Treasury Stirs Cyberspace Tax Issue
The Treasury Department looks for solutions to the technical and legal difficulties hindering tax collection in cyberspace
The Treasury Department will release an "issues paper" on cyberspace taxes late this summer, likely precipitating a controversial debate on how the government can tax electronic commerce.
The paper will "raise what we see as the most important issues on taxation on electronic commerce, the Internet [and] private networks," said Bruce Cohen, a senior attorney at the Treasury Department.
The paper is being drafted and redrafted by senior officials and lawyers in the department. The department is headed by Secretary Robert Rubin, and includes the Internal Revenue Service, the Comptroller of the Currency and the Financial Management Service, which oversees government regulation of the nation's financial system.
The study will be released as the infotech industry prepares for a wide-ranging debate on the nation's tax system during 1997, said Bill Archey, Washington-based director of the American Electronics Association. The debate will include such ideas as flat taxes, and will help the infotech industry lobby for changes to taxes that hurt its activities, he said.
The Treasury Department's issues paper is driven by the growing role of electronic commerce and intellectual property in the economy. Although transactions conducted over the Internet and other communications links are relatively small, forecasters say they will rapidly grow to tens of billions of dollars per year by 2000.
"It is far better to deal with it now than deal with a number of controversies in the court," said Cohen.
The issues paper will outline a series of questions, allowing a public debate before government officials complete new tax regulations, new laws and international treaties, Cohen said.
The Paris-based Organization for Economic Cooperation and Development has also been discussing tax collection in cyberspace, he said.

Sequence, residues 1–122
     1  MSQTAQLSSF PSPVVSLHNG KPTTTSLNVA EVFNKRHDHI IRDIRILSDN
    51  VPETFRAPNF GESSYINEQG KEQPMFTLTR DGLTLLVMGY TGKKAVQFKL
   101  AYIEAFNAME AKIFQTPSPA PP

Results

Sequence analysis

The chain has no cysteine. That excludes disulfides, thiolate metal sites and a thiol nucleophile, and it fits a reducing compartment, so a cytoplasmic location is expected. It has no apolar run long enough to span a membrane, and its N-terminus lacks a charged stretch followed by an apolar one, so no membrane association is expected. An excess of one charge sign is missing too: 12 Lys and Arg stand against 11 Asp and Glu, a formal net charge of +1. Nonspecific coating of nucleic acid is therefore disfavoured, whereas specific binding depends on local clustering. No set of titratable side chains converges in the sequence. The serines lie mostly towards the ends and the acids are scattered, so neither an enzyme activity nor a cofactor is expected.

At a Washington conference hosted by the Washington-based Information Technology Association of America, Cohen cheered industry officials when he said the issue paper would proceed incrementally and would try to treat the cyberspace economy as it treats the existing economy.
"It is important that the tax system be neutral between electronic commerce and the more conventional methods" of commerce, he said
Industry officials said they hoped the tax system would not penalize electronic commerce. Also, executives said they hoped any collection system would be easy to comply with and not include multiple and overlapping taxes imposed by various jurisdictions, such as countries, states and cities.
However, conference participants warned that the development of a tax system for cyberspace will be very complex. "This is going to be much, much more difficult" than conventional tax policy debates, warned Alan Wilensky, a partner with the Washington-based firm of Bryan Cave.
For example, a cyberspace company may disappear before any tax collector might learn of its existence, thus avoiding any taxes, said Paul Mines, general counsel for the Washington-based Multistate Tax Commission, which helps coordinate tax policy among the 50 states.
Current plans are for the issues paper to first identify a series of technical issues in the tax code that must be resolved, such as income raised via satellite broadcasting, said Cohen.
The paper will also try to pin down complex questions relating to electronic commerce, such as whether a World Wide Web site can be treated as a place of business for tax purposes, and whether its physical location should be determined by the location of the site's server, he said.
In addition, the issue paper will address how tax evasion can be avoided, said Cohen. For example, how can tax evasion be avoided when difficult-to-crack data encryption is ubiquitous?
"There has to be a balance between the need of the systems [for the free and private flow of information] and the tax system," he said.
Also, government officials will try to decide how the tax collection system can be made easy enough for even small companies to accept. For example, the collection system should be able to collect tax on the royalty from an image downloaded by a computer user at home, Cohen said.